Going into the weekend, many box office prognosticators were wondering if director Ridley Scott's The Martian could break the October opening weekend record set two years ago by Gravity, which earned $55.7 million in its first weekend in theaters. As it turns out, The Martian gave a valiant effort, but came up just short, taking in an estimated $55 million, according to Box Office Mojo. Of course, the film is still in great shape, earning back nearly half of its $108 million budget after just three days in theaters.

The Martian was widely beloved by critics, earning a 94% fresh rating on Rotten Tomatoes, opening in 3,831 theaters for an impressive $14,357 per-screen average. If these estimates hold true when the actual numbers roll in tomorrow, The Martian will have fell just $700,000 short of Gravity's October box office record, but it is still an impressive showing nonetheless. The Martian was the only new movie opening wide this weekend, easily dethroning last weekend's winner, the animated sequel Hotel Transylvania 2, which dropped to second place with $33 million, just a 31.9% drop from last weekend's $48.4 million debut.

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Ridley Scott's sci-fi drama has been winning over critics ever since its world premiere at the Toronto International Film Festival earlier this month, with some even calling it the best movie of the year, so far, following the quest to save an astronaut stranded on Mars. We still have a long way to go until the awards season races truly start to heat up, but The Martian has emerged as one of the top front runners. With an all-star cast including Matt Damon, Jessica Chastain, Kristen Wiig, Kate Mara, Sebastian Stan, Sean Bean, Michael Peña, Chiwetel Ejiofor and Jeff Daniels, The Martian has a shot to continue the tradition of outer space movies that are both financial and critical hits, including Gravity and Interstellar, which opened in the same frame the past two years.

While The Martian was the only movie debuting in wide release, this weekend also brought the nationwide expansion of the critical darling Sicario, which rose from 10th place last weekend to third place this weekend with $12 million. The drama expanded to 2,620 theaters, with a solid $4,609 per-screen average. The film, which features an all-star ensemble cast including Emily Blunt, Benicio Del Toro, Josh Brolin and Jon Bernthal, has now earned just over $15 million after three weeks in theaters, from a $30 million budget. The drama has already been considered an early Oscar favorite for Best Picture and several other categories, but we'll have to wait and see how it fares once the nominations are announced in January.

The Intern dropped from second place to fourth place this weekend with $11.6 million ($36.5 million overall), with The Maze Runner: The Scorch Trials rounding out the top five with $7.6 million ($63.2 million overall). The Intern only dropped 34.5% in its second weekend, but it remains to be seen if it can keep up this solid pace at the box office in the weeks to come. The dramatic comedy features an ensemble cast that includes Robert De Niro, Anne Hathaway, Rene Russo, Anders Holm, Andy Rannells and Adam DeVine.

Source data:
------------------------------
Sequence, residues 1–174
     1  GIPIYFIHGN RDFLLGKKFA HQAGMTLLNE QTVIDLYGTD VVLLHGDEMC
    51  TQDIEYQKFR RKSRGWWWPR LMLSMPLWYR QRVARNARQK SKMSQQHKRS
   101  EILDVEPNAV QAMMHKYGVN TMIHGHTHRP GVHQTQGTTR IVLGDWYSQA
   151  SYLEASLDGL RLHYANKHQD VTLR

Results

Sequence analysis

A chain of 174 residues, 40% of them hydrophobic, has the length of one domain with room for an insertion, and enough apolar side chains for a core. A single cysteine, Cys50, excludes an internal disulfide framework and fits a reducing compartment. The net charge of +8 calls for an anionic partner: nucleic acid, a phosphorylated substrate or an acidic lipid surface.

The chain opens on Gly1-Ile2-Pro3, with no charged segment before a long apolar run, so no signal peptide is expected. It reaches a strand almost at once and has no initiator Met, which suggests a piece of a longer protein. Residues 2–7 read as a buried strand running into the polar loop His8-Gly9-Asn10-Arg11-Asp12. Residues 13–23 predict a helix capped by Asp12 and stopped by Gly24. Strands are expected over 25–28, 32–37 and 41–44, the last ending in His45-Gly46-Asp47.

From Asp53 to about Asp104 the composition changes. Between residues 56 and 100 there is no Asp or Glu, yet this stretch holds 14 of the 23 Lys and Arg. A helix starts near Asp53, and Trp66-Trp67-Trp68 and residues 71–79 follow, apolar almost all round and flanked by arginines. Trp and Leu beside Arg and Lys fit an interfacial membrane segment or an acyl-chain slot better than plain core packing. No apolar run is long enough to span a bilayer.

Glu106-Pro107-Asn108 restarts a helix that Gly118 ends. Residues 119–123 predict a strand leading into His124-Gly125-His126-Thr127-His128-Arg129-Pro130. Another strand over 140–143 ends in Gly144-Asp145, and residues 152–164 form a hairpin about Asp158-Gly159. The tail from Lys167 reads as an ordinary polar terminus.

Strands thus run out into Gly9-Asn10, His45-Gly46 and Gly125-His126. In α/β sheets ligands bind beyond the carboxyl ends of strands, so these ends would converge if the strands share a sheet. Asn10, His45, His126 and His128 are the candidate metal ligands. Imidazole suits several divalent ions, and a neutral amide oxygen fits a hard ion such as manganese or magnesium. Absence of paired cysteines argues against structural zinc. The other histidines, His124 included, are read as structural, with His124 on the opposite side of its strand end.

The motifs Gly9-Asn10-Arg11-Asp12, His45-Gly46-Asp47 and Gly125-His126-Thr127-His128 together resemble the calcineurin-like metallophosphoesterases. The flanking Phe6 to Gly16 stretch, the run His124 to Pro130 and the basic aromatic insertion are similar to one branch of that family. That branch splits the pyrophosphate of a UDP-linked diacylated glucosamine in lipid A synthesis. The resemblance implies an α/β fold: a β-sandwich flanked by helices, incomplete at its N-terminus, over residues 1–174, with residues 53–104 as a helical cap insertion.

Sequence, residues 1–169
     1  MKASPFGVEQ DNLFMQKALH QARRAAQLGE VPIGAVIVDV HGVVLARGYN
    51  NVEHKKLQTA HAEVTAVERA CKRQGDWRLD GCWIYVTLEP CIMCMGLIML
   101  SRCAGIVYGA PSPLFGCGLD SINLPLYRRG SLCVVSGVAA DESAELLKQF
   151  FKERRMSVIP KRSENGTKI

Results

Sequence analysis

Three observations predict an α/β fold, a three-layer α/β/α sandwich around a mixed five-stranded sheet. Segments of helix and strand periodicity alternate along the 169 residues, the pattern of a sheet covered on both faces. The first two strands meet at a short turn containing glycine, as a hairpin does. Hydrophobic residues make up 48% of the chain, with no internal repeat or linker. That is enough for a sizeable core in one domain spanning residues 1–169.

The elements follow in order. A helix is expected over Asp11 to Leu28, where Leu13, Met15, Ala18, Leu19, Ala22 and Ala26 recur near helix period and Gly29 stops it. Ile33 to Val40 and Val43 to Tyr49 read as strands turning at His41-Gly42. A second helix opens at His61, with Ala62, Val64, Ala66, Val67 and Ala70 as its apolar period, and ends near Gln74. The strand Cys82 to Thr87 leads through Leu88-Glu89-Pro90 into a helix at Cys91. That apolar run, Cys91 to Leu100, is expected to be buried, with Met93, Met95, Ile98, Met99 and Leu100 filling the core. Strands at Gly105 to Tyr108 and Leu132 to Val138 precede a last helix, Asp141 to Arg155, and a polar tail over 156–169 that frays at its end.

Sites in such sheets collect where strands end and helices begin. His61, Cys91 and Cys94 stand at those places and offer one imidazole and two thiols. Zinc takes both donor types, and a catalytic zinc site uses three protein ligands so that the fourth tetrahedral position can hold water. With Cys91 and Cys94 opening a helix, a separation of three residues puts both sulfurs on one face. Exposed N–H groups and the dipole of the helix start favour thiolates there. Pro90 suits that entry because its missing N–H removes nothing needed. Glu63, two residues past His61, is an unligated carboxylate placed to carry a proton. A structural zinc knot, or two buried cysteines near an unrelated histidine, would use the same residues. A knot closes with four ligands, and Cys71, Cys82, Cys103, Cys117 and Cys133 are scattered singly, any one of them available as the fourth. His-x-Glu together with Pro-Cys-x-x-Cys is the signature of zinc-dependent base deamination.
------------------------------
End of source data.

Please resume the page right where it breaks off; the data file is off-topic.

Rounding out the top 10 is Black Mass ($5.9 million, $52.5 million), Everest ($5.5 million, $33.1 million), The Visit ($3.9 million, $56.9 million), War Room ($2.8 million, $60.5 million) and The Perfect Guy ($2.4 million, $52.6 million). Falling just short of the top 10 this weekend is The Walk, which opened exclusively in 448 IMAX theaters this weekend, taking in $1.5 million, with a solid $3,460 per-screen average. The film expands nationwide next weekend, so it will surely find a spot in the top 10 one week from today.

Opening in limited release this weekend is Lionsgate's Freeheld, which earned $40,000 from 5 theaters for an $8,000 per-screen average and The Weinstein Company's Shanghai, which opened after nearly five years of delays, earning a dreadful $26,400 from 103 theaters, for a horrid $256 per-screen average. Shanghai's limited release comes with little fanfare, especially since the film first debuted at the Shanghai Film Festival way back in 2010. John Cusack leads an international cast including Li Gong, Chow Yun-Fat, David Morse, Ken Watanabe, Franka Potente, Jeffrey Dean Morgan and Hugh Bonneville. Fox Searchlight's documentary He Named Me Malala also opened in just four theaters, earning an impressive $56,000 for a $14,000 per-screen average

Looking forward to next weekend, Warner Bros.' Pan is the only new wide release, with The Walk expanding nationwide. Opening in limited release is the highly-anticipated Steve Jobs, starring Michael Fassbender, which will get a nationwide expansion on October 23, Picturehouse's Big Stone Gap, starring Patrick Wilson and Ashley Judd, Vertical Entertainment's The Final Girls starring Nina Dobrev and Taissa Farmiga and foreign films Victoria and Xenia. Be sure to check back on Sunday for the box office estimates, and again next Tuesday for next week's predictions. Until then, check out the top 10 estimates below.